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Patrick Leblond is senior fellow at the Centre for International Governance Innovation and CN Paul M. Tellier Chair on Business and Public Policy in the Graduate School of Public and International Affairs at the University of Ottawa.

Now that Donald Trump is president-elect of the United States, Canadians and Mexicans are concerned about their free-trade access to the U.S. market. During the election campaign, Mr. Trump repeatedly said he would renegotiate the North American free-trade agreement if elected. Moreover, if the renegotiations did not go the way he wanted, he said he would simply withdraw from the deal.

The threat of a U.S. withdrawal from NAFTA is enough to send cold shivers through Canadian and Mexican business people and employees whose livelihoods depend on free trade with the United States. The good news for them is that millions of American jobs and businesses also depend on NAFTA.

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Read more: Trump's win is a worst-case scenario for Canada's economy

Read more: What the election of Donald Trump means for Justin Trudeau

Read more: Canadian businesses grapple with Trump reality

Mr. Trump has taken the easy way out by blaming NAFTA for lost jobs in the northern U.S. and Midwestern Rust Belt states as manufacturing operations, especially in the automotive sector, have moved south or abroad.

But technological change and globalization more broadly have played a much more important role in making life difficult for low-skilled workers who used to have good jobs in, for example, car assembly plants. So NAFTA only played a supportive role in a relocation process that was already under way.

People should not forget that it's not just Mexico that's benefiting from this shift – many lower-skilled manufacturing jobs have moved to the southern parts of the United States, including states such as Alabama, South Carolina, Tennessee and Texas, because employees there are not unionized and salaries are much lower. Moreover, these states have offered automotive firms sweet financial incentives to attract investments in new plants.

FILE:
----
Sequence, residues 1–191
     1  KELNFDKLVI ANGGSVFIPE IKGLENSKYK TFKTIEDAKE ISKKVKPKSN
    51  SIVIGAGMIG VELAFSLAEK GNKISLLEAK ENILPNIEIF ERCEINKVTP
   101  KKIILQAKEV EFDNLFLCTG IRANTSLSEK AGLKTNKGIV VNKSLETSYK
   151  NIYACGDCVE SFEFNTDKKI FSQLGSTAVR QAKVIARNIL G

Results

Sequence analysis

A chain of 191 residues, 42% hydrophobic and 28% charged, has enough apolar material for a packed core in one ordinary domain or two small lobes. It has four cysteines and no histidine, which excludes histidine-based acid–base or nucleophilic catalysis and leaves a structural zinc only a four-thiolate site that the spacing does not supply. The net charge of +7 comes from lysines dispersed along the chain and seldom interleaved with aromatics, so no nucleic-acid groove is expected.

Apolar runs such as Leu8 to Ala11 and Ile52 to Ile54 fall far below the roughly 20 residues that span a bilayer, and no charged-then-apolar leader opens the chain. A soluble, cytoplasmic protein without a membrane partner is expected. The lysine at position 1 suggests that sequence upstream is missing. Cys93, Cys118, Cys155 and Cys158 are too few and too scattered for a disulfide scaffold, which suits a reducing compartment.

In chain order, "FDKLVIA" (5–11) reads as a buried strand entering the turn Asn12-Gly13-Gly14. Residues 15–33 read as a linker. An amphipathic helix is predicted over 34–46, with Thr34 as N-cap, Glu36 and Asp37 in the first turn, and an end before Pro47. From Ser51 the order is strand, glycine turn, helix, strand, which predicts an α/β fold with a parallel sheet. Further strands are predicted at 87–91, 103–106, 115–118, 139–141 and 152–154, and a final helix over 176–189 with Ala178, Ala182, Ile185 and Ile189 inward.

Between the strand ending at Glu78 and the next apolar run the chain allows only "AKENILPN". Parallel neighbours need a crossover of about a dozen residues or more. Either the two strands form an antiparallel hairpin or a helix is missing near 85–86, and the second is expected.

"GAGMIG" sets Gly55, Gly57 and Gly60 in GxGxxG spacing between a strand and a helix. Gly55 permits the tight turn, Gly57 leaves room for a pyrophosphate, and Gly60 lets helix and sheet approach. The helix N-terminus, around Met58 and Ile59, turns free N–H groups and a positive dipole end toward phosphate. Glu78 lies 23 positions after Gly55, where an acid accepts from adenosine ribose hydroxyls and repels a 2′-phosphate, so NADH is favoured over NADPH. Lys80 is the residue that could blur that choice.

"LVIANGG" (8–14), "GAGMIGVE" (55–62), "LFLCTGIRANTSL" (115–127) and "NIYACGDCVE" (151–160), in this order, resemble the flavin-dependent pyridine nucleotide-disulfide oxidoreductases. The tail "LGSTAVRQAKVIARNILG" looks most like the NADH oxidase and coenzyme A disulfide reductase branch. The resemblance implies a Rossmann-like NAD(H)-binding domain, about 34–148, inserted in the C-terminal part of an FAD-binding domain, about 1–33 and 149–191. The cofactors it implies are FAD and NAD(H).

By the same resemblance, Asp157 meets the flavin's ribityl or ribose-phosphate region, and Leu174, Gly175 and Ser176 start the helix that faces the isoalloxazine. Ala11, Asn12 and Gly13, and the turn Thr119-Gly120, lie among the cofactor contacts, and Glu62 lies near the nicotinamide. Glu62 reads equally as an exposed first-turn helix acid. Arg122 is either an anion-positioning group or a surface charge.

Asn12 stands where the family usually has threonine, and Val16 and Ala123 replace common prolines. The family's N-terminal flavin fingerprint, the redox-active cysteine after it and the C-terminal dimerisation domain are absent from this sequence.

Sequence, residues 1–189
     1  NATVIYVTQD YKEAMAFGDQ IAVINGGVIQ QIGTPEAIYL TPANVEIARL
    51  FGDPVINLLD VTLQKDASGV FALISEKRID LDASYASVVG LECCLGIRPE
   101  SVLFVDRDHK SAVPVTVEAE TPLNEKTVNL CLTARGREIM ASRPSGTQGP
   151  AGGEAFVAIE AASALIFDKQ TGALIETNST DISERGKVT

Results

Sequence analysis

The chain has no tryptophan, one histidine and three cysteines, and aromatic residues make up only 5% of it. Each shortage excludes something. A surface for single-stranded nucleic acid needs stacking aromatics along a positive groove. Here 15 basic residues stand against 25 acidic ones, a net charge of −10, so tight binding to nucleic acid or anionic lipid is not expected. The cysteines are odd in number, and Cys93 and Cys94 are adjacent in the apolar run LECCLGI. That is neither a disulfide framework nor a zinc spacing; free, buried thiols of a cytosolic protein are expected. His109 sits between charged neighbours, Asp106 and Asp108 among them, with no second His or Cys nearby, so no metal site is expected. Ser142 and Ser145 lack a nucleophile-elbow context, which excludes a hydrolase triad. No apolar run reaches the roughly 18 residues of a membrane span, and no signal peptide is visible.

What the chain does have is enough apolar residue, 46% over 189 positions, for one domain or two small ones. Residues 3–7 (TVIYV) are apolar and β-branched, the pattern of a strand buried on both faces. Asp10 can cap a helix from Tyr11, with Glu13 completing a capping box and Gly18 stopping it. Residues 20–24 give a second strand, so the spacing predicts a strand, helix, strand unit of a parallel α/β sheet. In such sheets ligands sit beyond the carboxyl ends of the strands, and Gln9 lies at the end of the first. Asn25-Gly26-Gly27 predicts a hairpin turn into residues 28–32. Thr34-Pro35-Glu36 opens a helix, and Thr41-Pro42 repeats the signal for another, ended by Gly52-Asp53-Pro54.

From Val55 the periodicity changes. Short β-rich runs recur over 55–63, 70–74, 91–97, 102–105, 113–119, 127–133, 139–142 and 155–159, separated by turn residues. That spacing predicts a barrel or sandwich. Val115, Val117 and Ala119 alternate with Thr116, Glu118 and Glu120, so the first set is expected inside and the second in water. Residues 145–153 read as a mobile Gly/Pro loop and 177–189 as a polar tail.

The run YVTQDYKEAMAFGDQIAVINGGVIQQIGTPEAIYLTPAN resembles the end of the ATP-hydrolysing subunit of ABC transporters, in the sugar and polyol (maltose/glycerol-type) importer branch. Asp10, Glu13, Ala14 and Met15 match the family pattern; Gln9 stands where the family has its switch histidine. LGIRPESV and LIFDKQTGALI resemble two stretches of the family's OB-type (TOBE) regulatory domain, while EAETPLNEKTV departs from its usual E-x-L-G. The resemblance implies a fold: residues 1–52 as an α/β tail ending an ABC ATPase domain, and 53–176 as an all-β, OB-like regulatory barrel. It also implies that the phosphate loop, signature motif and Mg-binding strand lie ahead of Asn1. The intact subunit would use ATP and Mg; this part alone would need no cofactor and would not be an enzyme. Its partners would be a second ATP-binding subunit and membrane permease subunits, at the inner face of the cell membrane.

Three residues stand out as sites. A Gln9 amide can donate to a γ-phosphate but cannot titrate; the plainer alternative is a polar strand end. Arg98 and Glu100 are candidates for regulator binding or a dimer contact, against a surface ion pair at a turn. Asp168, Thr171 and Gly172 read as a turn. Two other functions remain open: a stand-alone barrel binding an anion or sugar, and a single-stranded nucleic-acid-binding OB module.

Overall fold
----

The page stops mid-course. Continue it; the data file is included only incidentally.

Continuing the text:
These plants have also been successful because of NAFTA, where automotive parts continue to cross U.S. borders several times before final assembly, at which point the products can be shipped throughout North America.

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What this means is that Canada and Mexico will find a lot of NAFTA supporters inside the United States, from state governors to members of the House of Representatives and the Senate. In the context of a NAFTA renegotiation, it is these people whose support will be most important.

Mr. Trump can argue whatever he wants, but no NAFTA renegotiation deal or withdrawal can happen without the Senate's approval, since it is responsible for the ratification of international treaties.

Senators hailing from states whose economies and businesses depend on free-trade links with Canada and Mexico will oppose any modifications that will hurt their access to these markets, which would increase their production costs and limit future investments.

It is therefore important for the Canadian and provincial governments to work together with American and Mexican counterparts at all levels of government to mobilize the business and political community in support of continued, if not deepened, North American integration.

Canada, Mexico and the United States have been making things together for 20 years now, to paraphrase Stephen Blank, a long-time student of North American integration. Such integration cannot and should not be undone for the benefit of a relatively small group of unfortunate people in our societies.

Welfare policies and back-to-work retraining measures are much better suited for helping the people who have had difficulties taking advantage of the opportunities that technological change and globalization offer. This is not the role of free-trade agreements, whether we like it or not.

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Certainly, such agreements can be improved. After 20 years, NAFTA is in dire need of modernization, given the changes that have happened to the North American and world economies. But renegotiating NAFTA should happen in a way that deepens integration in North America, not limits it.

Free-trade agreements have also evolved in the past 20 years. As the Canada-European Union Comprehensive Economic and Trade Agreement demonstrated, they can be made more "progressive," especially when it comes to finding the appropriate balance between openness and harmonization on the one hand, and government sovereignty to decide the right mix of economic, regulatory and social policies for their people on the other.

Thankfully for Canada, this is the view that our Prime Minister, his government and our provincial leaders espouse.

Let's hope that they will work with their counterparts at all levels of government and business to make such a reality happen, despite Mr. Trump's hyperbolics during the campaign. North America's future welfare depends on it.

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